In the beginning of 2020 I had been alerted by European lawyers working on the mandatory vaccination that the European Court of Human Rights (ECHR) in Strasburg had decided to pronounce a solemn ruling on this issue in its Grand Chamber.
As Children’s Health Defense strongly supports the rights of individuals to make voluntary choices regarding vaccines I felt that Mary Holland who is legal counsel for Children’s Health Defense and a university professor in human rights law was the right person to help writing an amicus curiae letter to the members of this Court.
Court cases in the ECHR are first filed in home countries. It is only when domestic remedies have been exhausted that plaintiffs can sue their country in the ECHR. When similar cases are filed in different countries, the Court can decide to issue a general ruling on a specific issue. That decision then usually has a strong influence on the laws and courts of the 49 countries who recognise its jurisdiction.
Over the last years increasing vaccine mandates and their stronger enforcement all over Europe had triggered many lawsuits arguing violations of human rights. And of course as soon as the pandemic began it became clear that this ruling would come at a crucial moment and would be of critical importance.
With the support of prof. Mary Holland, Children’s Health Defense was able to submit a “friend of the court” brief on this matter.
The case discussed arised from a vaccine mandate law in the Czech Republic. Families opposed to compulsory vaccination sued, raising several human rights concerns under the 1950 European Convention on Human Rights : Article 8, respect for family life; Article 9, freedom of conscience; and Article 2 of Protocol 1 to the Convention, the right to education. The petitioners also raise the issue of informed consent to a medical intervention, arguing that compulsory vaccination violates the Convention on Human Rights and Biomedicine (the Oviedo Convention).
The letter cites the Nuremberg Code and the 2005 UNESCO Declaration on Bioethics and Human Rights. It also touches on the lack of proven safety and efficacy of vaccines, religious rights, conflicts of interest, discrimination, questionable science, censorship, risk of genomic change, risk of unintended genocide, and liability as critical concerns that strongly weigh against vaccine mandates.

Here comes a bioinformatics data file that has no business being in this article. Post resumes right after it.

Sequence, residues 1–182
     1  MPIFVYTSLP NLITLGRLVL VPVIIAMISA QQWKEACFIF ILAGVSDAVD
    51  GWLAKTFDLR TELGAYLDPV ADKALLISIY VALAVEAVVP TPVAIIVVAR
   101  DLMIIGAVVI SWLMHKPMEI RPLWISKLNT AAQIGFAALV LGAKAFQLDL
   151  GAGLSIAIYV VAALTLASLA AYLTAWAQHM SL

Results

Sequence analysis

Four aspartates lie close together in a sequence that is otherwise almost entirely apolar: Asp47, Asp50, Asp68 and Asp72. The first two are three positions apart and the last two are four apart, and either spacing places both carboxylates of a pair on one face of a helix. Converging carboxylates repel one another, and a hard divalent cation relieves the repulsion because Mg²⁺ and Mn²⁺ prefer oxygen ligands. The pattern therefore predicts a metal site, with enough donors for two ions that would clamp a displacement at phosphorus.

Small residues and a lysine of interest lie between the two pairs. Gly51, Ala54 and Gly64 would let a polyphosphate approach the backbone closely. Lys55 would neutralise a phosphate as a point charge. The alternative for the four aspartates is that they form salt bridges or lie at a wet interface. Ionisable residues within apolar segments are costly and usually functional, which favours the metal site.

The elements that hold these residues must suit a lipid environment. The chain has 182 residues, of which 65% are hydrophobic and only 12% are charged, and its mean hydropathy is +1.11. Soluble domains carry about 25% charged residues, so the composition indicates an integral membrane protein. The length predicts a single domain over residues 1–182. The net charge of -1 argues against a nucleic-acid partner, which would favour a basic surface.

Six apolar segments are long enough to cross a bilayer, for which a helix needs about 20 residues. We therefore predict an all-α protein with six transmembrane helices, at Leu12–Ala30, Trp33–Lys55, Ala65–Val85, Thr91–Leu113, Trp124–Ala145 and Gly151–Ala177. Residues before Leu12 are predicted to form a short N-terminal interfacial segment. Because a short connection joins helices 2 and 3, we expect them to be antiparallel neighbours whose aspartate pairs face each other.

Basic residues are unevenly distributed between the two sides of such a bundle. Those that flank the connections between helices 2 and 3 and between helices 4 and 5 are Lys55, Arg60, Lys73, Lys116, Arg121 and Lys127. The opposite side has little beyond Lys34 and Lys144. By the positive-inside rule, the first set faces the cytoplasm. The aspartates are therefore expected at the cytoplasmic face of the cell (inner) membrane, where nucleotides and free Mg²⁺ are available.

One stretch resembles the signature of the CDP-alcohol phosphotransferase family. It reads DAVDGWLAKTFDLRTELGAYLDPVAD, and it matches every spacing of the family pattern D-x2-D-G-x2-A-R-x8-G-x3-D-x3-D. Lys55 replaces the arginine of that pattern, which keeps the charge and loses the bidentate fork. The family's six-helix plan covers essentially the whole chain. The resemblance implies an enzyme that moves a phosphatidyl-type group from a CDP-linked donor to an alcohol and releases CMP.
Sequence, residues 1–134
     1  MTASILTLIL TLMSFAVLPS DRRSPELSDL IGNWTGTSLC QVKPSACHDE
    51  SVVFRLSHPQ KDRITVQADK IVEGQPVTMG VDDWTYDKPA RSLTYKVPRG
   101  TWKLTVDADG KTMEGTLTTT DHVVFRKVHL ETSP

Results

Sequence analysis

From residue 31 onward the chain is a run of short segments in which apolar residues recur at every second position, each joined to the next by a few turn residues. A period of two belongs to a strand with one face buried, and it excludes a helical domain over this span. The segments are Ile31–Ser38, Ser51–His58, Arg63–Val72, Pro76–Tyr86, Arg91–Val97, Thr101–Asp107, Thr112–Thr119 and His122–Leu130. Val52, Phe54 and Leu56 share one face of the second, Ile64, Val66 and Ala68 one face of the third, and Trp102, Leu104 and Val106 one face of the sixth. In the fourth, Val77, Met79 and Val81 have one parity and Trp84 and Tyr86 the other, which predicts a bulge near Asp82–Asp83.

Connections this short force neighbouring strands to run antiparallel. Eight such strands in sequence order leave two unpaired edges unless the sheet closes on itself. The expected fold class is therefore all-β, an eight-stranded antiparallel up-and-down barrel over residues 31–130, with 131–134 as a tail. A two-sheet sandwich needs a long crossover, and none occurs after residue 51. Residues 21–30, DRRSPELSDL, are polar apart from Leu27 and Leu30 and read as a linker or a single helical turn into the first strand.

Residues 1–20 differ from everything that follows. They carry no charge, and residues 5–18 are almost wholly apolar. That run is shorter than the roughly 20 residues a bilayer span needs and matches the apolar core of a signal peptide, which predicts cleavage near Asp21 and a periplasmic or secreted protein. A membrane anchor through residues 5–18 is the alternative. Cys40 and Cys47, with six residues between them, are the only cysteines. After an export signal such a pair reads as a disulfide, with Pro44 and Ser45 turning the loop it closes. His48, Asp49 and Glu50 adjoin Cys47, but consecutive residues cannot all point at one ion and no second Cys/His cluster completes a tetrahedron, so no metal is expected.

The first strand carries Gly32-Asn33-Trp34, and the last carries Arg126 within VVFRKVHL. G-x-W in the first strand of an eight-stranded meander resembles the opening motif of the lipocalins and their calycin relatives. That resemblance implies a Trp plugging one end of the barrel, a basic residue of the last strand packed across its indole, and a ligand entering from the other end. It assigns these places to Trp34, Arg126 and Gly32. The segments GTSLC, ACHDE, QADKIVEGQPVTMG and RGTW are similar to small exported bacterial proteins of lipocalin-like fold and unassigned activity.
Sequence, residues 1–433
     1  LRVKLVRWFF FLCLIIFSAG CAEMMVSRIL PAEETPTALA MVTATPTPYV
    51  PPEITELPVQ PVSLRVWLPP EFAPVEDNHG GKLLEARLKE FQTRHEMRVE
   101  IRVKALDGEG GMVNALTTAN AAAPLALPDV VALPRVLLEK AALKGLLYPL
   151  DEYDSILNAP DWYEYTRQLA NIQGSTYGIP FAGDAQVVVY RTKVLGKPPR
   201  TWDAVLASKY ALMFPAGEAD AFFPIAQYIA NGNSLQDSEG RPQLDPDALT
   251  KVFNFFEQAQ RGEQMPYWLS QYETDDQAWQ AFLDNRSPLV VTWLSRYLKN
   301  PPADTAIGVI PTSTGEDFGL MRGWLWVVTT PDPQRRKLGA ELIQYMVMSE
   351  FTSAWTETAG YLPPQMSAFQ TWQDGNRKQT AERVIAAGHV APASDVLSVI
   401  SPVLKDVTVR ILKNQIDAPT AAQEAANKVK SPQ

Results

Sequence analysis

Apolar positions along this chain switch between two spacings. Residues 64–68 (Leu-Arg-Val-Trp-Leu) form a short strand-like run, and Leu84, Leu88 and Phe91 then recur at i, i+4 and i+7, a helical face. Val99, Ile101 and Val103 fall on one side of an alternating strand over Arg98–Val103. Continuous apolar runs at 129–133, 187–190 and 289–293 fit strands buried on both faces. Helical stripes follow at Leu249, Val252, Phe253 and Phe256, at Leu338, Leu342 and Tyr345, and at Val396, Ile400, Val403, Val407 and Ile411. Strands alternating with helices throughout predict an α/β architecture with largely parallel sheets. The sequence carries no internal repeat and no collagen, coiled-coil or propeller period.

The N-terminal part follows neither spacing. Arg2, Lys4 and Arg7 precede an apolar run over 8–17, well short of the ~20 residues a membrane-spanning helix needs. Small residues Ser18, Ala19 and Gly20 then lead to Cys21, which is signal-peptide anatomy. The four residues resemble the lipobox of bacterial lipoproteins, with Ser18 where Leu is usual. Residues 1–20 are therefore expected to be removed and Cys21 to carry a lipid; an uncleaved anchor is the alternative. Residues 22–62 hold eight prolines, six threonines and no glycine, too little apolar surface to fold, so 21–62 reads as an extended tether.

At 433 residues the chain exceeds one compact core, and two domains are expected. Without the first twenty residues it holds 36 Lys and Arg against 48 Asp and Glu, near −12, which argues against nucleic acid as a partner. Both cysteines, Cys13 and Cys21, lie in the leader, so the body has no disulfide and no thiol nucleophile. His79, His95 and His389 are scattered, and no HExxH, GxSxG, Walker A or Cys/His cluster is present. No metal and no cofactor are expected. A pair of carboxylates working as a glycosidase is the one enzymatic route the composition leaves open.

The Grand Chamber was scheduled to have a public hearing on the case on April 30, 2020 in Strasbourg, but it was postponed to July due to corona measures. In the meantime the Court replied that the amicus brief could not be accepted or answered as Children’s Health Defense was based in the United States where the ECHR has no jurisdiction. While this came as a disappointment the amicus brief was nevertheless widely shared and used by vaccine freedom advocates. And an unexpected positive consequence of the Courts’ refusal is that it stimulated us to open up a Children’s Health Defense as a non-profit organisation in Europe to have more legal means to act…
As we are writing these lines the first Covid 19 vaccines have just received an emergency approval by the European Medicines Agency and are being rolled out. While governments admit they don’t know if those vaccines are able to block transmission of the disease or if they are safe or would have an impact or the human genome, they do consider limiting individual rights according to vaccination status.
The ECHR has still not issued its ruling. We can only hope that it will rely on the respect of the fundamental values expressed in the European Charter of Human Rights rather than on the notion ‘health emergency’ and its abusive rhetoric. The battle is still on…Suggest a correction